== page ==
As reported by The Industry Observer over the weekend, the statement coincides with an Instagram post made by a person with the handle @yagirlpartyb, describing their experiences of harassment by a “Brisbane artist manager and marketing director/owner of a music business”.

In the posts, she talks about receiving unwanted attention from the “male manager” who allegedly went on to verbally abuse her online, “saying [I] was shit, that no one in the [Music Industry] liked working with me & that [I’d] never make it in this town or country.” She alleges the person in question attempted to blackmail her, telling her she could make these problems in the industry go away if she “went on a date with [him] and fucked [him]”.

“I’ve never really actually dealt with the fact of what happened until this week and I’ve said it out loud properly, in full,” she shared in a subsequent video post. “I didn’t sleep with him, that was never going to happen… He said all those things, I then turned off my computer and then made steps to leave the music industry.”

You can see a few of the posts here:

Image via: @yagirlpartyb Image via: @yagirlpartyb Image via: @yagirlpartyb Images via: @yagirlpartyb

See the full post below.

Last week, photographer Jack Stafford made a lengthy statement following numerous allegations of sexual misconduct, which surfaced following a post from Jaguar Jonze – real name Deena Lynch. Stafford, who also went under the moniker re:_stacks, photographed a number of high-profile local artists over the years. In his 3000-word statement, Stafford admitted to being “an abuser”, exposing himself to clients, sharing nudes without permission and other acts of misconduct.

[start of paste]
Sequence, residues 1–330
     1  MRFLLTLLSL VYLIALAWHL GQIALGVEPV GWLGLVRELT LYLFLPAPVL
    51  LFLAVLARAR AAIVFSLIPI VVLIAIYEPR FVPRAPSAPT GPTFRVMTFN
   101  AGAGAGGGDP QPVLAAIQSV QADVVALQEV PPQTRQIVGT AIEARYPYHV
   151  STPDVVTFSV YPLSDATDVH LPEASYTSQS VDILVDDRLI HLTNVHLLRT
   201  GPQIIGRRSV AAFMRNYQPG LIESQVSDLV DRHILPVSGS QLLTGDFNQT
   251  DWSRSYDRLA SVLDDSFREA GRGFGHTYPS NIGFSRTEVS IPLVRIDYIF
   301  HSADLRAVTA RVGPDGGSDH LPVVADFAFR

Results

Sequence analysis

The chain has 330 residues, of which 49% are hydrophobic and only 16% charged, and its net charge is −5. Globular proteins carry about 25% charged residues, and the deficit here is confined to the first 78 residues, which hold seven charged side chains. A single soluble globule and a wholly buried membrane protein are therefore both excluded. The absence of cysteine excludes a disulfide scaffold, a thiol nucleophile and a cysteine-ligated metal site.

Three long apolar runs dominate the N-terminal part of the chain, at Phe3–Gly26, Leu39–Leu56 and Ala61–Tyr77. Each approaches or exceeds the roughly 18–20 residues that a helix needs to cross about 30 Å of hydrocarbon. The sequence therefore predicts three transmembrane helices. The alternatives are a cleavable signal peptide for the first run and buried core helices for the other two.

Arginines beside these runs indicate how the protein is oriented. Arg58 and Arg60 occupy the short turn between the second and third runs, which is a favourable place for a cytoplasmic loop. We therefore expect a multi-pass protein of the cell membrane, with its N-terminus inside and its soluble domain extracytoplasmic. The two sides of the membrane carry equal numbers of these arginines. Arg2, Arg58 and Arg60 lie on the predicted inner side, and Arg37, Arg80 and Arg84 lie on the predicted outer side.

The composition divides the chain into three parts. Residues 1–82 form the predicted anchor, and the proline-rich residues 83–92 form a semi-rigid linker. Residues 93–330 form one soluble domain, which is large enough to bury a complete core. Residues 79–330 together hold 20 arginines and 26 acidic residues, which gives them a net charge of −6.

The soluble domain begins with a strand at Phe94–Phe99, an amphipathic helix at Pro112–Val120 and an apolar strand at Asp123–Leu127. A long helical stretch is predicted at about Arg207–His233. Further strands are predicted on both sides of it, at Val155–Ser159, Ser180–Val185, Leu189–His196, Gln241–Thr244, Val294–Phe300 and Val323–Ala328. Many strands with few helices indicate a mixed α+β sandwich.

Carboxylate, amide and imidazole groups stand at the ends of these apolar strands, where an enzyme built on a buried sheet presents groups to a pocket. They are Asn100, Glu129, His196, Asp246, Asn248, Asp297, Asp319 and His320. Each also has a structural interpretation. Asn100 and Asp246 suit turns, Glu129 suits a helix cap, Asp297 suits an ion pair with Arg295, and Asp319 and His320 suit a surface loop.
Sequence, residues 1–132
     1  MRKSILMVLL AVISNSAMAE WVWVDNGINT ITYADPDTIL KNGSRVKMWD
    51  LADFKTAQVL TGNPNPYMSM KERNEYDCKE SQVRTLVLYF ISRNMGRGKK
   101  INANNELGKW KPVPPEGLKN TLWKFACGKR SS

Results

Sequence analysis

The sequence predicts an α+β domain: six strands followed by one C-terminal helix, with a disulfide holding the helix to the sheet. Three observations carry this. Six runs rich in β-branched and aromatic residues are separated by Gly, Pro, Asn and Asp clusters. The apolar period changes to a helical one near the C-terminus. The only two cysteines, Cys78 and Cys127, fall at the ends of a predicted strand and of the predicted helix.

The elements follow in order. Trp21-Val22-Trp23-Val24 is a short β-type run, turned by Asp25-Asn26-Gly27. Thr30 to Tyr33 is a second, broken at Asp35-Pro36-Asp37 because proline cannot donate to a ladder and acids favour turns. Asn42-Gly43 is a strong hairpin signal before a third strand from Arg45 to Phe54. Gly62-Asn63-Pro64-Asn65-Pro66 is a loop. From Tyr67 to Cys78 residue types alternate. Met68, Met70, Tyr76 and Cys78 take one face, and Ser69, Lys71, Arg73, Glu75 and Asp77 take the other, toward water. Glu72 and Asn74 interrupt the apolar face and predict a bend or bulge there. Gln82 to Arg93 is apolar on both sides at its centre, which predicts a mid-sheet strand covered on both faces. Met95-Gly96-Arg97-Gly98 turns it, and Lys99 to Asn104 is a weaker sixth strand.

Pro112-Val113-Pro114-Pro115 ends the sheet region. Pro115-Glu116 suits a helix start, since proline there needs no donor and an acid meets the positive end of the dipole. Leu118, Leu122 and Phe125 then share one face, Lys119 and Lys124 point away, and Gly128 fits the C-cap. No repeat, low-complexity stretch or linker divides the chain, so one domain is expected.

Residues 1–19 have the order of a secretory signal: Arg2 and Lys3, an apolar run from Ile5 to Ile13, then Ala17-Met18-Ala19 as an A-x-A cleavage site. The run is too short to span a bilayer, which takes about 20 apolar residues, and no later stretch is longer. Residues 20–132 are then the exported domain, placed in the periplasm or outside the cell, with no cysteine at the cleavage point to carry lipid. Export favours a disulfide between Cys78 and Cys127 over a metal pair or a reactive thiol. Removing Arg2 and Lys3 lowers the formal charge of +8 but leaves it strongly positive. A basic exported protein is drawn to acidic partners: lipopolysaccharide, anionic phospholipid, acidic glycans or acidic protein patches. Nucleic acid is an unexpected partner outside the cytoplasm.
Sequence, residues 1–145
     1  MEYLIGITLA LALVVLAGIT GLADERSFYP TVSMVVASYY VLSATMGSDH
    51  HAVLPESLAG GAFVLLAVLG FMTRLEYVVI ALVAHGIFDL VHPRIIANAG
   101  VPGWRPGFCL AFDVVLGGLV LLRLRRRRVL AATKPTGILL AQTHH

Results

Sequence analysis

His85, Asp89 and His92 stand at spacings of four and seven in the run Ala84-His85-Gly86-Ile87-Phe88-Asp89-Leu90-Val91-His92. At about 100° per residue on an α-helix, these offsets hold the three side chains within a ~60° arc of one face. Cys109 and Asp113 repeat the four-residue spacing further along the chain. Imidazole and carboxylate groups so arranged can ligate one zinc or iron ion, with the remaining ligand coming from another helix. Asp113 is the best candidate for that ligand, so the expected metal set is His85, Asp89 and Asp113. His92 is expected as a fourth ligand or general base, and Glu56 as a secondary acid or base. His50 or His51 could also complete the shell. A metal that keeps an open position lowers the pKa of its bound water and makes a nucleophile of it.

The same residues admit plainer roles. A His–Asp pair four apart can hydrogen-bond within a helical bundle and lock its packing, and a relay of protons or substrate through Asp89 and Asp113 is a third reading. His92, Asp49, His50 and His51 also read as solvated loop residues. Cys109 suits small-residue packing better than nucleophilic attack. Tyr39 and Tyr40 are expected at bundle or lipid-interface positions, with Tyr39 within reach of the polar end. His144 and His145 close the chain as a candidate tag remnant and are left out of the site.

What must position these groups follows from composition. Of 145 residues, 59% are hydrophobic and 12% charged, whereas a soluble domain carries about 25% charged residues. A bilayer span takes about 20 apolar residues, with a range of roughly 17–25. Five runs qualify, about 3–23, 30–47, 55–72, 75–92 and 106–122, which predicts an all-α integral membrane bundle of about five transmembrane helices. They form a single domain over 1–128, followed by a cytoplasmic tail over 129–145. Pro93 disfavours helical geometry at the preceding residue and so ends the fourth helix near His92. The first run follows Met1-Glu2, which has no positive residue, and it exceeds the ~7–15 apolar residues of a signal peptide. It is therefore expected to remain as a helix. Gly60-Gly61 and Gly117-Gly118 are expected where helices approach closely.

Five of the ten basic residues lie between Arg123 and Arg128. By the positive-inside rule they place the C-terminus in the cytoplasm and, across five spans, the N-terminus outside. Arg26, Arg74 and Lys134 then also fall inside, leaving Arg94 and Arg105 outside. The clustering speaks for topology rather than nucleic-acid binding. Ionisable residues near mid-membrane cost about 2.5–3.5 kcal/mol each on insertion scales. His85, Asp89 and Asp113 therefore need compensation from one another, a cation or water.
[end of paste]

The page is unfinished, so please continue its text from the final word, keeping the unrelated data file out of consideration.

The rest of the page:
You can read Preece’s statement in full below.

TRIGGER WARNING //
(this may bring up pain and questions, please read with support if necessary)

Jaguar Jonze’s recent revelations about inappropriate men in the music industry have led me to write this and bring my own accountability and honesty into the open – it has been a long time coming and is beyond overdue. I’m sorry it’s taken me so long to address this publicly – to make it earlier would’ve been from a place of fear and I had to learn.

To all the young women who I’ve hurt in the past — I’m sorry. Your awful experience with me isn’t imagined, it is real, it wasn’t your fault and there are no more ifs, buts or maybes. I’m sorry for disrespecting you, for degrading, hurting, belittling and sexualising you while you were in pursuit of your dreams and passion in the music industry.